Scrumptious Sourdough and How to Avoid Starter Slaughter

Howdy there! Welcome back to BB's Bloggerie. 

I couldn't deny my love for a delicious, tart loaf of sourdough even if I tried. As a native San Franciscan, I think I would get arrested for even the thought of that. Alas, eating sourdough is very different than making it... and a whole lot harder.

Unfortunately, this distinction was not very clear when I decided to try my hand at sourdough baking. Throughout my developing sourdough journey, I have made some horrible mistakes and redeeming discoveries. I hope that this article will help you avoid the silly slip-ups that I wish someone had warned me about before I started. Check out the sourdough starter discard cracker recipe that I published a few days ago :

My sourdough story has many starts, stops and restarts but ultimately began when I was nine years old. While flipping through the library's Summer Programs for Kids and Adults yearly pamphlet, my mother discovered that the local library was hosting a workshop about how to maintain and use a sourdough starter. That following week, we treaded the three blocks up to the library with more of a desire to learn something new than to understand how to make our own loaf of bread. The workshop was led by the head bread maker of the local whole grain bakery, Sour Flour. Unfortunately, given my age, I was not focused on the sourdough demonstration nor the advice that the the baker explained, but rather the fact that she had everyone taste a part of her raw sourdough starter. Eww!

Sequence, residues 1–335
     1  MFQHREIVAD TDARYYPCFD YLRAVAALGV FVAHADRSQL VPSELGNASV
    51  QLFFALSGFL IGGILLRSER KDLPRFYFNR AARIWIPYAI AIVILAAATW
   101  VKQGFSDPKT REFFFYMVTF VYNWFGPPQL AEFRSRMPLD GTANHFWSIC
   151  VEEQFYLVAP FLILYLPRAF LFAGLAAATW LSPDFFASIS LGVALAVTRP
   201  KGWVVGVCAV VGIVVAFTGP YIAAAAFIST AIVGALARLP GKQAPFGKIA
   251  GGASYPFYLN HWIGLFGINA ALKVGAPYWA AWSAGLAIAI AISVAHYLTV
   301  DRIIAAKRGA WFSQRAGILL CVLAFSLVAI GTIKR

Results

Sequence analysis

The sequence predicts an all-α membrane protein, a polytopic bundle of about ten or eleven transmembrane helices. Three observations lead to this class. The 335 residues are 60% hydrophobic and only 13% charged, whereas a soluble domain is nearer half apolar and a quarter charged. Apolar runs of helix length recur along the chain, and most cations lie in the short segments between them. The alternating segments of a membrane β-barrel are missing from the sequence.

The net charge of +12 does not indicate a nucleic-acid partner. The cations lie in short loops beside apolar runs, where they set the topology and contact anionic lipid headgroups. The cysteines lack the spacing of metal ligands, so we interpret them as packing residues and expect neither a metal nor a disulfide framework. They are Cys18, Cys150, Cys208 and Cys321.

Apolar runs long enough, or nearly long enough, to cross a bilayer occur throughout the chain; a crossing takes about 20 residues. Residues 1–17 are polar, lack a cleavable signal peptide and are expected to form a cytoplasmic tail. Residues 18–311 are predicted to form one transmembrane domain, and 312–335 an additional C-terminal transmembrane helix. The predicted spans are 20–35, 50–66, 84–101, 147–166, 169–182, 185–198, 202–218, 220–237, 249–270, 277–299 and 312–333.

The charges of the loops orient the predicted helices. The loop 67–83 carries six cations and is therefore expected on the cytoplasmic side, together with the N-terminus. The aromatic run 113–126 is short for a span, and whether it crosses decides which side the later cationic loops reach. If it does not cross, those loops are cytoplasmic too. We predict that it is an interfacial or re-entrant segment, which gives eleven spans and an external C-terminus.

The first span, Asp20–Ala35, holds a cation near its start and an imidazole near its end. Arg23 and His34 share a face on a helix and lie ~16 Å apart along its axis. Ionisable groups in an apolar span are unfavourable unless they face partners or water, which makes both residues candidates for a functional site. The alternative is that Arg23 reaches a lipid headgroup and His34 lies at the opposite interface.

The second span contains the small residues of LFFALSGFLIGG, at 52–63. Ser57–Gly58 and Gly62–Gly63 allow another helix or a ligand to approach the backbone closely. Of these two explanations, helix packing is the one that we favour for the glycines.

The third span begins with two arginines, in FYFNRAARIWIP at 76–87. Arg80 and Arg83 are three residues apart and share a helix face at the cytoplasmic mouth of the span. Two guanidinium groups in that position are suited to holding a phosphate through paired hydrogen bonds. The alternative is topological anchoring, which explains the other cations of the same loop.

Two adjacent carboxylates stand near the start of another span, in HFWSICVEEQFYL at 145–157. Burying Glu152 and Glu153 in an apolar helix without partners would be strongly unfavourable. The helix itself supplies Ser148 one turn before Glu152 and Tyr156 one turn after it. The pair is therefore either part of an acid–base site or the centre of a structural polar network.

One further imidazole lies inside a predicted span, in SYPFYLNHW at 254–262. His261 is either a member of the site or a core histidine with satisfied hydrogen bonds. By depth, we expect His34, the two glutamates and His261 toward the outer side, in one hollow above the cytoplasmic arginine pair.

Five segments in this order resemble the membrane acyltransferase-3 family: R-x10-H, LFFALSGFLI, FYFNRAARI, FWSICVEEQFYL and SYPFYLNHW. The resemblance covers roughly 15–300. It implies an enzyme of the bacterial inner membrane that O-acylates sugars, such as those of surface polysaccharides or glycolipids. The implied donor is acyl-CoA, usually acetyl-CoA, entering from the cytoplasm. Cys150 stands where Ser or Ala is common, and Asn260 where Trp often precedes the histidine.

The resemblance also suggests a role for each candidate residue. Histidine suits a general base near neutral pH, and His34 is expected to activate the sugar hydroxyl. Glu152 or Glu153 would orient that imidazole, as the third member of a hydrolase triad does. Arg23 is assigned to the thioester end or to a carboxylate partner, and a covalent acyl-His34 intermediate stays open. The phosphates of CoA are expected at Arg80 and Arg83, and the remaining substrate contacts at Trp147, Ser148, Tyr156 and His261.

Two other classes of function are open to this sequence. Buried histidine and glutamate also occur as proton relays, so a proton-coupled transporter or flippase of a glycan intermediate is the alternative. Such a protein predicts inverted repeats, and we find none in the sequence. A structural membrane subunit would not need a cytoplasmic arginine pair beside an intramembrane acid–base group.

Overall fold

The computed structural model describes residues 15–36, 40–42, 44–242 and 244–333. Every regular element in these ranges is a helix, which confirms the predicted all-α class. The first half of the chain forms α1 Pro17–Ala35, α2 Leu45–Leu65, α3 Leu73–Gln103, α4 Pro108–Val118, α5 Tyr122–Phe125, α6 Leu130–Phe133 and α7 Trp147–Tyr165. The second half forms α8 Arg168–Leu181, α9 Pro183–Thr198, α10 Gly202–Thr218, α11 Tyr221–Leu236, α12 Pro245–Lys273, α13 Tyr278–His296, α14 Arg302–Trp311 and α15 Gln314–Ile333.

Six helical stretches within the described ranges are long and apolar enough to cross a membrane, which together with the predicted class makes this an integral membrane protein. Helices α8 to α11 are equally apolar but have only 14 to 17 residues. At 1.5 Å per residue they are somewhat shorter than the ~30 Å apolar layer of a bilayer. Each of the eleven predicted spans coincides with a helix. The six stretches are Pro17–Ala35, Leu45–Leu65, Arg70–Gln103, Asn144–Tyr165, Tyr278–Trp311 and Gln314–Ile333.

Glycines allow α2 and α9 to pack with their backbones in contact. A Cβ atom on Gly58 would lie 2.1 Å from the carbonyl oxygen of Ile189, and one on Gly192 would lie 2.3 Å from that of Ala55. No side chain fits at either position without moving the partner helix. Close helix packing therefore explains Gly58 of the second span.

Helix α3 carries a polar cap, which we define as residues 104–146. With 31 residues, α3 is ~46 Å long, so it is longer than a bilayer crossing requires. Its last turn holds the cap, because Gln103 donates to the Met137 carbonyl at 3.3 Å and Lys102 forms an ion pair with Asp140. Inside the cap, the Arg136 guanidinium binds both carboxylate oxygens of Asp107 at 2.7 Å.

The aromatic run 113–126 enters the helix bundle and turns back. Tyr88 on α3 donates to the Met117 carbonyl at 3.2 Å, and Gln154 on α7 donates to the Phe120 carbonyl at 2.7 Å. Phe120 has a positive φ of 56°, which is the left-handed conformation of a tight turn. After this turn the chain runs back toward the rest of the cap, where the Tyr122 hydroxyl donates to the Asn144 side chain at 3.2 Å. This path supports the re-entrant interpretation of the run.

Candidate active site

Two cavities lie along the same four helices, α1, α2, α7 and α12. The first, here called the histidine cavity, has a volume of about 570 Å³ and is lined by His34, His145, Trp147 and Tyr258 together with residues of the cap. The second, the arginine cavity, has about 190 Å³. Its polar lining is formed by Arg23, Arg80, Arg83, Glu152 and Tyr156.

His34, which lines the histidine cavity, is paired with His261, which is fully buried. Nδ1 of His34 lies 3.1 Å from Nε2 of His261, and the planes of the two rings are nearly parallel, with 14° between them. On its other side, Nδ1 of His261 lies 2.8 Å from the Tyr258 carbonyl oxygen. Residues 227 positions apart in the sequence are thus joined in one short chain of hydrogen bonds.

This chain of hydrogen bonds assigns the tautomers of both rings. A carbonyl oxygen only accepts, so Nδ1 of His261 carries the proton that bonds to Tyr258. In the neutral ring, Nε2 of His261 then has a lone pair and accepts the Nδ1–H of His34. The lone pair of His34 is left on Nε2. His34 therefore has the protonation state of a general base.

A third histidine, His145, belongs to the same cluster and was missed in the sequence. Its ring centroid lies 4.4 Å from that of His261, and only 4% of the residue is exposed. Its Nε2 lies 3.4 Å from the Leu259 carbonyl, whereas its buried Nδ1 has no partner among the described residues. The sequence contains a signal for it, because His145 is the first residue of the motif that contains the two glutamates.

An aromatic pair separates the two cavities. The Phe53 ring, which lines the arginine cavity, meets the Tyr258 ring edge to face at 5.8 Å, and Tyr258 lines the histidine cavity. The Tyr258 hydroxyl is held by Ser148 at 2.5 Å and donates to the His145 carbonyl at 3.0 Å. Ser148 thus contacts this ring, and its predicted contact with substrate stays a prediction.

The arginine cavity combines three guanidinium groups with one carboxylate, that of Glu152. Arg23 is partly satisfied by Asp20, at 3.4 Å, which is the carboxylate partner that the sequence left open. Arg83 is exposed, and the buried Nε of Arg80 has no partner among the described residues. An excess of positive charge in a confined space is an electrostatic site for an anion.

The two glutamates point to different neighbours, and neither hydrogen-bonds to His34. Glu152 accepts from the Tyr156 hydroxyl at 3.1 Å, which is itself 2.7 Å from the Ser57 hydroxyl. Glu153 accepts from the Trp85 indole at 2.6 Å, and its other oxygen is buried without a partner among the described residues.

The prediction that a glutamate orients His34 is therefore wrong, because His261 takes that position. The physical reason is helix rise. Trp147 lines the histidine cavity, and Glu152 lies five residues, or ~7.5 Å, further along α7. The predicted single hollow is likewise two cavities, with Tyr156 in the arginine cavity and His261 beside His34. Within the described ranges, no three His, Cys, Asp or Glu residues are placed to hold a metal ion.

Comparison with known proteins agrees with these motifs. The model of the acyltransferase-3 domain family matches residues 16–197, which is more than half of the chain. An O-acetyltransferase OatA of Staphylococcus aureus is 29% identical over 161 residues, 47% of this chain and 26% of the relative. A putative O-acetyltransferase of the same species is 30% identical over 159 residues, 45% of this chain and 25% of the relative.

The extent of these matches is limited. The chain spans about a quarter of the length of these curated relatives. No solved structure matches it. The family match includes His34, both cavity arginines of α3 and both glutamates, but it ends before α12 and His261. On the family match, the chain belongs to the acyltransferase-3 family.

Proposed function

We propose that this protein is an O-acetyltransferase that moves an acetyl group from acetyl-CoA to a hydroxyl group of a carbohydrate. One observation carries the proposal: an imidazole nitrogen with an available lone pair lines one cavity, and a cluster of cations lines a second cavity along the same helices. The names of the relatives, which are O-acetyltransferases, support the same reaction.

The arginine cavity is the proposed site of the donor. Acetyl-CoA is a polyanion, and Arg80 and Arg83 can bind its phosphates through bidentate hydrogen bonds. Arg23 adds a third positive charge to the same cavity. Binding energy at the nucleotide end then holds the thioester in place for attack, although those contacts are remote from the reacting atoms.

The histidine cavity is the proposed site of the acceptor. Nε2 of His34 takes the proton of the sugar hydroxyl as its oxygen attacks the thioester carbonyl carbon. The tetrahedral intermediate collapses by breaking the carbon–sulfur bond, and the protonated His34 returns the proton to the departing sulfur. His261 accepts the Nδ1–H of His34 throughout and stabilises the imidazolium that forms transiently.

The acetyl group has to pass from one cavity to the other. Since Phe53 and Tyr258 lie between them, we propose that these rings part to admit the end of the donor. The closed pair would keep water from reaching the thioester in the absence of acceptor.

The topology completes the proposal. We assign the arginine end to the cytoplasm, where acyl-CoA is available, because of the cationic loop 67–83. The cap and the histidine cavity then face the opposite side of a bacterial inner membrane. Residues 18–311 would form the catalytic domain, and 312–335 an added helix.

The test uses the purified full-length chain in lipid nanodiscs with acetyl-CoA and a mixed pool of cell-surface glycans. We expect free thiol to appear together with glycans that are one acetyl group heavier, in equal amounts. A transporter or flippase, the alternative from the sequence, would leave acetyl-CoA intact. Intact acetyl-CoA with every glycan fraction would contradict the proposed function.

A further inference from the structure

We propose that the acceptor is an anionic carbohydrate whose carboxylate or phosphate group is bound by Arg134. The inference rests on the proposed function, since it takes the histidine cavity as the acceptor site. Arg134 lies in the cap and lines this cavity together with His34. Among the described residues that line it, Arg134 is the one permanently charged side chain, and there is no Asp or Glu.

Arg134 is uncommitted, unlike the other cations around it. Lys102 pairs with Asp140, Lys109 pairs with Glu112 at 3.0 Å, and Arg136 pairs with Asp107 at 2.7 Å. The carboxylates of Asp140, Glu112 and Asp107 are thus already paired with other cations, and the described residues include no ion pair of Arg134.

After the class, we were all given a little bit of the mother culture and instructions on how to take care of it. I named my little starter Shimizu after the woman who taught the class. As an unexperienced, young baker, I didn't research proper feeding techniques and the only time I tried to bake with her, it was a major flop. Perhaps I was too immature for the responsibility of a starter or maybe sourdough bagels were a bit too complicated. Needless to say, Shimizu slowly turned into a foul smelling goo.

For many years, I wiped sourdough completely from my brain. Well, actually, not quite. One year after the starter disaster, during a two week summer camp, me and a team of other ten year olds helped mix and shape sourdough loaves. I remember the counselor telling the group the story of a camper from a previous year who ate too much raw sour(dough) dough and had to get it surgically removed because it kept expanding in stomach. Looking back, I question the legitamacy of that story- How much raw dough would the girl even want to eat? Isn't it safe to eat raw sourdough starter? The chef from the library workshop had us all taste her slimy starter without hesitation.... I suppose all camp stories are full of questionable plot lines that serve as cautionary tales to discourage misbehavior.

My true sourdough starter hiatas lasted for at least four years. Despite indulging in a few sour pieces here and there, I didn't have a levain to call my own. Caught up in school, theatre and music, baking wasn't something I ever thought about. I enjoyed mixing up the occasional squash bread or apple crisp, but any lengthy oven extravaganza was not in my wheelhouse. In fact, getting a cookie to rise adaquately was (okay, sometimes still is) challenging. Then, in August 2019, while wandering between library shelves, I randomly picked up the book Sourdough by Robin Sloan. Sloan's book is about a woman's sourdough journey during the development of a technology based farmer's market in a dystopian San Francisco. I know, I know, a bit of a crazy sounding concept, but I promise when read, it is  lighthearted and enjoyable. By the time that I had finished all 259 pages, I had decided to try sourdoughing once again.